The family of a father-to-be have criticised hospital staff who left him “screaming out in pain” in the final hours of his life.
Adam Hurst, 31, died from a rare type of hernia a few hours after arriving at Hinchingbrooke Hospital in Cambridgeshire, last December.
The hospital found Mr Hurst’s pain management and the communication with him and his relatives was “inadequate”.
“We’ve got to live with that trauma,” said his wife Victoria.
The medical director of North West Anglia NHS Foundation Trust, Dr Kanchan Rege, said: “Our staff strive to provide high quality care at all times and this was not the case in this instance.”
Mr Hurst, a builder from Godmanchester, had a history of abdominal pain and was born with a rare undetected congenital diaphragmatic hernia.
The youth football coach had been experiencing mild symptoms for about eight months before bad abdominal pain led to his wife taking him to A&E, on 7 December 2018.
Mrs Hurst, who at the time was 25 weeks pregnant with their first child, said at hospital “he was just screaming out in pain”.
“It was horrific. I just started crying because I didn’t know what to do and no-one was listening to us – literally no-one,” she said.
Last month, an inquest into his death heard he spent several hours in A&E in “extreme pain” and a CT scan was delayed by 58 minutes because of a fire alarm.
Once completed, the scan showed a diaphragmatic hernia and fluid in his abdomen.
But while preparations were made for surgery he went into a cardiac arrest from which he did not recover and died in the early hours of 8 December.
The couple’s daughter, Alice-Rose Adam Hurst, was born in February
At the inquest into his death, the coroner concluded it was “not possible to say whether on the balance of probabilities earlier surgery would have resulted in a different outcome due to the rare and complex nature of the surgery”.
But the hospital’s serious incident report, seen by the BBC, found Mr Hurst’s pain “should have been more aggressively managed, from the outset”.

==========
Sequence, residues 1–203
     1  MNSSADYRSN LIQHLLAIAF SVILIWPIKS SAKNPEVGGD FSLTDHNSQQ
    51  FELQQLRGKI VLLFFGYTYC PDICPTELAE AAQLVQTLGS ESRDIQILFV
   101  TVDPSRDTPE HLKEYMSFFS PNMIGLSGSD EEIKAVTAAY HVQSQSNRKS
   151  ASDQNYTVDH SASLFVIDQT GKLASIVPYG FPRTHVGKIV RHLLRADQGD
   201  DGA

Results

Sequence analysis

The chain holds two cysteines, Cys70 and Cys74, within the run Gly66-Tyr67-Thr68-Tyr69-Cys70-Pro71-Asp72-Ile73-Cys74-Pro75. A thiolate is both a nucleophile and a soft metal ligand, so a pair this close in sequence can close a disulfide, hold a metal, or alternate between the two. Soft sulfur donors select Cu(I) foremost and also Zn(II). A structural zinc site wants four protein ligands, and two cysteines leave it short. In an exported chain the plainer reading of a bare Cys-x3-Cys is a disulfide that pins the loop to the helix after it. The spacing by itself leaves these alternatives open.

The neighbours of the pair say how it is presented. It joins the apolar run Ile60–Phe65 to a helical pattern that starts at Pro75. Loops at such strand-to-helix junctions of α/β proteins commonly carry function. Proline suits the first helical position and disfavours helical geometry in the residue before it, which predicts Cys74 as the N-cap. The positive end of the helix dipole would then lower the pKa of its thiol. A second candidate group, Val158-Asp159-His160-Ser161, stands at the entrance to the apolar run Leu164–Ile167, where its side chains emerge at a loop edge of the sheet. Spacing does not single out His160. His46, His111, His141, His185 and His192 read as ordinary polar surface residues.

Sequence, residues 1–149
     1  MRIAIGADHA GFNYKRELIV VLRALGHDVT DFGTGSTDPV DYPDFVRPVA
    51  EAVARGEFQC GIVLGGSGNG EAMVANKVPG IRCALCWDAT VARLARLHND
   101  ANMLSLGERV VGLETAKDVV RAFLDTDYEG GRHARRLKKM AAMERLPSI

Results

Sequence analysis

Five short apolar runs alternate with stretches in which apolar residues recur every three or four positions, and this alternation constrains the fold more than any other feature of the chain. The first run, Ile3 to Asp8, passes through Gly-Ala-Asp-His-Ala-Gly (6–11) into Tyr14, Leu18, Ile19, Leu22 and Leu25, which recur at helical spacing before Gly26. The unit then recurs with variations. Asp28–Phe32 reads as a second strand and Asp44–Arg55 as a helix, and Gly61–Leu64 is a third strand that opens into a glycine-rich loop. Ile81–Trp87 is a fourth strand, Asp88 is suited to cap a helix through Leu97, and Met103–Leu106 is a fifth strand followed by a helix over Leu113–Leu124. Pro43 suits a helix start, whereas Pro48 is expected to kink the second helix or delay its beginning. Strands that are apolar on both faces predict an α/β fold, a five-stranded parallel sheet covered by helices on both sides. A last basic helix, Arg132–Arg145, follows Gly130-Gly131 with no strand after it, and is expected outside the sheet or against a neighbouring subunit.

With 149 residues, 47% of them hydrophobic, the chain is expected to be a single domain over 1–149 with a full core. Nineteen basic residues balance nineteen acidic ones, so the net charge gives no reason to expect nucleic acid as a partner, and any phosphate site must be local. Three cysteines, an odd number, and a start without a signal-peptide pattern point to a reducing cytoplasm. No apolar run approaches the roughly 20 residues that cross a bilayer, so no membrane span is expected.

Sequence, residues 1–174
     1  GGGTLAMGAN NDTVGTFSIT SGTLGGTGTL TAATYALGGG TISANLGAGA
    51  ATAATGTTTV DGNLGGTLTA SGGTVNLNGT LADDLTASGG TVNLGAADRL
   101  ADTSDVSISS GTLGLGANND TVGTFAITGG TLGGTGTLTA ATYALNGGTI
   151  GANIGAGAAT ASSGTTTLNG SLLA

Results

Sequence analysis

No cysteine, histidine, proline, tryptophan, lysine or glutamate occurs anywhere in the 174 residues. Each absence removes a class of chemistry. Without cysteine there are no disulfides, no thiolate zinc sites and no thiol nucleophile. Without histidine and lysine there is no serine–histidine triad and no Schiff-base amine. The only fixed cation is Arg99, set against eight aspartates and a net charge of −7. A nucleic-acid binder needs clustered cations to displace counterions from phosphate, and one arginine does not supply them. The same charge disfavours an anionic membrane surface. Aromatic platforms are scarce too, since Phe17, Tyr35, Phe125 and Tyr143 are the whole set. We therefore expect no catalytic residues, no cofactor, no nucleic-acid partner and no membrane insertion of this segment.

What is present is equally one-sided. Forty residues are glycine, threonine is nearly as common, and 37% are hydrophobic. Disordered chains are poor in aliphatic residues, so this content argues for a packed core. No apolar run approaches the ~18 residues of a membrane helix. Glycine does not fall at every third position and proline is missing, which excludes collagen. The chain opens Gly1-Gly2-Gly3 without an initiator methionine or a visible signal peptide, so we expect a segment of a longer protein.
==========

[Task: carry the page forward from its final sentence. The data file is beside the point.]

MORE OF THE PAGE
It also found the frequency of his observations was “inadequate” and stated the documentation in the emergency department “was generally very poor from the nursing staff that cared for the patient”.
The report also said “clear explanations to the patient and relatives are essential to allay fears and reduce anxiety”.
Mr Hurst’s sister-in-law, Margo Leftly, said: “Irrelevant of the outcome… it was more the way he was treated, communicated with and the fact that the pain management was incorrect.
“They left him in that amount of pain with no support for the last six or seven hours of his life.”
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The family have set up a charity in Adam’s name that aims to support those suffering from grief and said it would “carry on his legacy of helping people”.
Mrs Hurst said she also wanted to raise awareness of his condition because “if they knew he had one and he went into A&E that night he would have been rushed into surgery straight away”.
Dr Rege, from the hospital’s trust, said: “We would like to offer our condolences to the family of Mr Hurst during this difficult time.
“Following a thorough investigation we have implemented several changes and have now introduced a single trust-wide acute pain guideline and provided additional training to staff on pain management, communication skills and record keeping.”